The second is the Zodiac Dog; a shadowy corporation with an elusive leader. The corporation has links to insurrectionist groups working against the Pei Choi expansion across the stars. The player characters recently stumbled across one of the ZD’s hidden compounds. Inside they found subservient robotic drones maintaining the facilities enormous energy output. The output from this very base, sent the energy waves that scrambled the carrier the PC’s had been flying in. Delving deeper into the base, the PC’s watched as the very halls became a myriad of flesh and beating-organs. After cutting through some monstrous enforcers for the ZD, the PC’s managed to shut down the base and escape to the surface, only to see that they were too late. The ZD managed to pull the Esperdyne satellite orbiting the moon right out of the sky. We ended the session with the heroes stranded from their employers… Or are they finally free?

I plan to write more Sandbox Campaign entries so keep an eye out for more in the future!

P.S. I also promised R. that I would write up a prestigious “courtesan guild” because his character has a background in that skill (see “Humanspace Empires”). He told me to think “Firefly.” So look out for that too. Because R. is a gladiator/courtesan, I think the guild could have a very interesting militant edge.

Pulp Sci-Fantasy

“Humanspace Empires” is a work in progress. You can go download the “playtest draft” for free over at “http://ixians.blogspot.com/“. For an incomplete game, this PDF has serious substance. Packed within 55 pages is a most marvelous blend of genres. The rules lend themselves to a tone ranging from whimsical to preternaturally dreadful. My group’s first quest took them inside the hidden internal organs of a planet; a planet both sentient and malevolent. I also tried to hint (albeit subtly) that the planet was aware of the adventurer’s intrusion, but it might be too early for them to have picked up on that.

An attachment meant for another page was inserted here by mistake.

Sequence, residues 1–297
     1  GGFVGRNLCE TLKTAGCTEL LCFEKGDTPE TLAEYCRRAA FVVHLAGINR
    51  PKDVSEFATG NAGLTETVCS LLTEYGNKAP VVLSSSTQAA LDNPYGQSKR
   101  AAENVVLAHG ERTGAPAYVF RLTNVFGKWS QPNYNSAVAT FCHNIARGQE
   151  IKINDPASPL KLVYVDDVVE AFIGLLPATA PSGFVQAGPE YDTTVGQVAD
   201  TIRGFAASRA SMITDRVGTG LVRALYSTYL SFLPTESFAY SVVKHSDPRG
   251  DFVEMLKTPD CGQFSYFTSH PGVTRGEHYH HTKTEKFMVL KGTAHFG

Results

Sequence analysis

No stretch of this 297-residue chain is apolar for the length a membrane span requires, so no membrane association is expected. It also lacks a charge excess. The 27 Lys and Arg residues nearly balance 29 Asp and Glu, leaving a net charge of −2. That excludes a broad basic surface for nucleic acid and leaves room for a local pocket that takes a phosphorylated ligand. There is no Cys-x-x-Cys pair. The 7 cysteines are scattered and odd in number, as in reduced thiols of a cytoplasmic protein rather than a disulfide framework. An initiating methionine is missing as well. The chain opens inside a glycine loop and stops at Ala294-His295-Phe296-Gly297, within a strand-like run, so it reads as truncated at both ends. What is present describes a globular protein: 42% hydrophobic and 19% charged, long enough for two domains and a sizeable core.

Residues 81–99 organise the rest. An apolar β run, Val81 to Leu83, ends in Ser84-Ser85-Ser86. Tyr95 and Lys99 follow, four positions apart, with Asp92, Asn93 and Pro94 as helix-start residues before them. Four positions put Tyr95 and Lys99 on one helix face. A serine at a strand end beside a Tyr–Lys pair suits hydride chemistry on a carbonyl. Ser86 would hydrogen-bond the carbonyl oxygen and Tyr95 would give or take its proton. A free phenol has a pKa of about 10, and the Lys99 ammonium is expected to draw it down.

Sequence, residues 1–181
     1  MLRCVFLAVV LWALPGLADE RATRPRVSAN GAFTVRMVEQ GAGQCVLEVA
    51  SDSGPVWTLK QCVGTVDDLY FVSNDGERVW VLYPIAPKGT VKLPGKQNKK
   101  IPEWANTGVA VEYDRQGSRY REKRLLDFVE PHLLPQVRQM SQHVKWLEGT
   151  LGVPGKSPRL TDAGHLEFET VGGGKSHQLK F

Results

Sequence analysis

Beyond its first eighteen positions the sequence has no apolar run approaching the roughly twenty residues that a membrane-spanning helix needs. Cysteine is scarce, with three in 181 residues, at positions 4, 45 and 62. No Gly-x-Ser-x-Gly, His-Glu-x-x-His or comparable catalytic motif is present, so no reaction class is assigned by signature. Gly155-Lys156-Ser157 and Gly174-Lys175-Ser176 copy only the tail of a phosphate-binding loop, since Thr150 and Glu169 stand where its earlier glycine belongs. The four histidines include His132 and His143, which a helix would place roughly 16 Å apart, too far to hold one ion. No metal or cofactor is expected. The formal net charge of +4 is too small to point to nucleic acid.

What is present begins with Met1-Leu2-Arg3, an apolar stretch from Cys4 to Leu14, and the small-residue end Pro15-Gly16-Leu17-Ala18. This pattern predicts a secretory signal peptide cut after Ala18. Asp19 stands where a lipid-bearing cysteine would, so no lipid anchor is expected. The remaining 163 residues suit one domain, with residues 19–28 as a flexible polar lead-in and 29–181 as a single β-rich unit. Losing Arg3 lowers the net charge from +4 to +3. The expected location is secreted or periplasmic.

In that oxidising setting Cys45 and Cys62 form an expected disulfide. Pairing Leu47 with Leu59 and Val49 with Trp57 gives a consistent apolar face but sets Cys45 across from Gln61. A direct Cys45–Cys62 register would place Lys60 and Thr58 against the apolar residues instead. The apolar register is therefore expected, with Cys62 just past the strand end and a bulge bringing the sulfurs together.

The game’s focus is on weird character classes and powers. Almost every class (excluding the warrior) has some access to psychic abilities. The list of playable alien species is also particularly exhaustive. These aren’t your standard fare men with green skin martians. Many of the aliens aren’t even bipedal, which is something I really appreciate. If I want to play an alien in a game, I don’t want to play something vaguely human (but thats just me, nothing wrong with doing otherwise).

I think the game is so successful because it manages to fulfill both my fantasy and sci-fi needs as a gamemaster. Last night’s game might have been the most fun I’ve had running a “retro” game since my interest started. The “Gamer Achievement Award” goes to Basq, the group’s astronaut. Last night, Basq managed to recover from a staggering blow, only to take a shot in the dark, devastating the space-orc who left him for dead (gotta love lightning pistols). It was one of those game-stopping moments at the table where everyone just started clapping.

“Humanspace” promises several upcoming supplements, including a bestiary. Last night I modified some OSRIC critters to fit the setting. I had orcs in divers suits wielding slug-cannons. I had “orcinations” – abominations crafted from the corpses of several orcs to create a centipede-esque monstrosity that spits acid as well as opens a hidden stomach-maw (with a ravenously hungry fetus-orc waiting inside).  Last night my gamers described my narrative style as “Post-Cthulhu.” I have the elegant frame of “Humanspace Empires” to thank.

But whatever your style, I would guess that “Humanspace Empires” has something to offer any old-scool game that has a tendency toward the weird. If you need a break from throwing magic missile’s for a while, why don’t you roll up Scientist with a Z-Ray projector in “Humanspace Empires?”